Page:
Congress has renewed a 1990s-era law that extends protections to victims of domestic and sexual violence, updating the landmark Violence Against Women Act nearly three years after partisan disagreements caused it to lapse.
It passed this week as part of a $1.5 trillion government funding package and capped years of work by members of the House and Senate. It is certain to win the signature of President Joe Biden, who worked on the law during his days in the Senate.
Passage of the legislation brought a rare moment of bipartisan agreement in the Congress, achieved partly on the strength of the personal connections that lawmakers have to domestic violence and its devastating effects.
For North Dakota Sen. Kevin Cramer, the connection is his adopted son whose biological mother was murdered by her husband. For Sen. Lisa Murkowski, it's the need to expand the tribal jurisdiction over non-Indian offenders in her home state of Alaska. For Rep. Sheila Jackson Lee, it comes back to the frantic phone calls she received at the Houston Women’s Center in the 1990s. And for Sen. Joni Ernst of Iowa, the drive to reauthorize the law is partly rooted in her own experience as a survivor of sexual assault.
“I know firsthand the horrific experience too many women face at the hands of a perpetrator," Ernst said in a statement. “That’s why for three years I’ve worked diligently and across the aisle to craft a bill that will modernize this important law to ensure my fellow survivors are supported and empowered.”
Senate Majority Leader Chuck Schumer, D-N.Y., who first helped write and pass the original bill as a House member in 1994, called it “one of the most important laws passed by Congress in the last 30 years.”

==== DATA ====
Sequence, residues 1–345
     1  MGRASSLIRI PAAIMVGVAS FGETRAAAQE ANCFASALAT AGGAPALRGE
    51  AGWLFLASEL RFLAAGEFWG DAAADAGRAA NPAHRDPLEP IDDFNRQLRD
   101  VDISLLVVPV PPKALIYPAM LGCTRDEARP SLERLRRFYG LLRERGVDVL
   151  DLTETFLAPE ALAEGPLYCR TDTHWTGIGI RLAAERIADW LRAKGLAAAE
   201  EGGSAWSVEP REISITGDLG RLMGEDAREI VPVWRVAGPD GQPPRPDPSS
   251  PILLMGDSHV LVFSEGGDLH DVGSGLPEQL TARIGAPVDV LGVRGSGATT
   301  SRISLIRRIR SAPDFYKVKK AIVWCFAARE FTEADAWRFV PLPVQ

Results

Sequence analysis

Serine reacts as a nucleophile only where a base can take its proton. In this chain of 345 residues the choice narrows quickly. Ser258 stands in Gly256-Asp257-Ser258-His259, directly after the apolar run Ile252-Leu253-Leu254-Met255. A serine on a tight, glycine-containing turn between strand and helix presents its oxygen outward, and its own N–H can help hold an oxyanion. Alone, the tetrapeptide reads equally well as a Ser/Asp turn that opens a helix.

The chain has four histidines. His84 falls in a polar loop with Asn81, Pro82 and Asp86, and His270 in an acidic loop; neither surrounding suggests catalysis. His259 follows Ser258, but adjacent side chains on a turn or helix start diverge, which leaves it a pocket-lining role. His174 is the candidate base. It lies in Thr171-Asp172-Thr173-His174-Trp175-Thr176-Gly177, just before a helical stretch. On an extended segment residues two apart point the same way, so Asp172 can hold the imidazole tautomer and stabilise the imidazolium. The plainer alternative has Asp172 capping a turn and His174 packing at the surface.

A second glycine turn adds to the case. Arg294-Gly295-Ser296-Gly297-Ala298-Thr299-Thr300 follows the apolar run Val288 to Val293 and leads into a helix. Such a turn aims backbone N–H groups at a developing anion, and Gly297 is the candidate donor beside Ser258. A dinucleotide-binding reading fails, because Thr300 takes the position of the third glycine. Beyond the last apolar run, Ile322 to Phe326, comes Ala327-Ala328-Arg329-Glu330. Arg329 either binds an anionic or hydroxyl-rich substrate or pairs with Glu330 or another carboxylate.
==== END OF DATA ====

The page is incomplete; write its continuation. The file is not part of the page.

Yet the reauthorization of the law, which aims to reduce domestic and sexual violence and improve the response to it through a variety of grant programs, almost didn't happen. The sticking point was a provision in the last proposal, passed by the House in April 2019, that would have prohibited persons previously convicted of misdemeanor stalking from possessing firearms.
Under current federal law, those convicted of domestic abuse can lose their guns if they are currently or formerly married to their victim, live with the victim, have a child together or are a victim’s parent or guardian. But the law doesn't apply to stalkers and current or former dating partners. Advocates have long referred to it as the “boyfriend loophole.”
But expanding the restrictions drew fierce opposition from the National Rifle Association and Republicans in Congress, creating an impasse.
This time, Democrats backed down and did not include the provision. But lawmakers like Jackson Lee say they aren't giving up.
“One of the ways to help women is to get the gun out of the hands of the abuser,” the Houston Democrat said. “And this is not an NRA question. This is a human question. This is saving women and children. This is stepping into their shoes.”
In the three years since the Violence Against Women Act was last authorized, members of Congress, advocates and even Angelina Jolie worked to not only reauthorize the law but to modernize and update it. The new version includes protections for Native American, transgender and immigrant women that had been lacking.
“The reason that many people struggle to leave abusive situations is that they’ve been made to feel worthless,” Jolie said a press conference with senators last month. “When there is silence from a Congress too busy to renew the Violence Against Women Act for a decade, it reinforces that sense of worthlessness.”
The new version of the law will strengthen rape prevention and education efforts as well as training for those in law enforcement and the judicial system.
Biden introduced the original Violence Against Women Act in June 1990 when serving as chairman of the Senate Judiciary Committee. A subsequent version was eventually included in a sweeping crime bill that then-President Bill Clinton would sign into law four years later. Congress has reauthorized the Violence Against Women Act three times since.
The original bill created the Office on Violence Against Women within the Justice Department, which has awarded more than $9 billion in grants to state and local governments, nonprofits and universities over the years. The grants fund crisis intervention programs, transitional housing and legal assistance to victims, among other programs. Supporters said the reauthorization would also boost spending for training law enforcement and the courts.
This story was first published on March 11, 2022. It was updated on March 12, 2022, to correct the name of a Texas congresswoman to Sheila Jackson Lee, not Sheila Lee Jackson.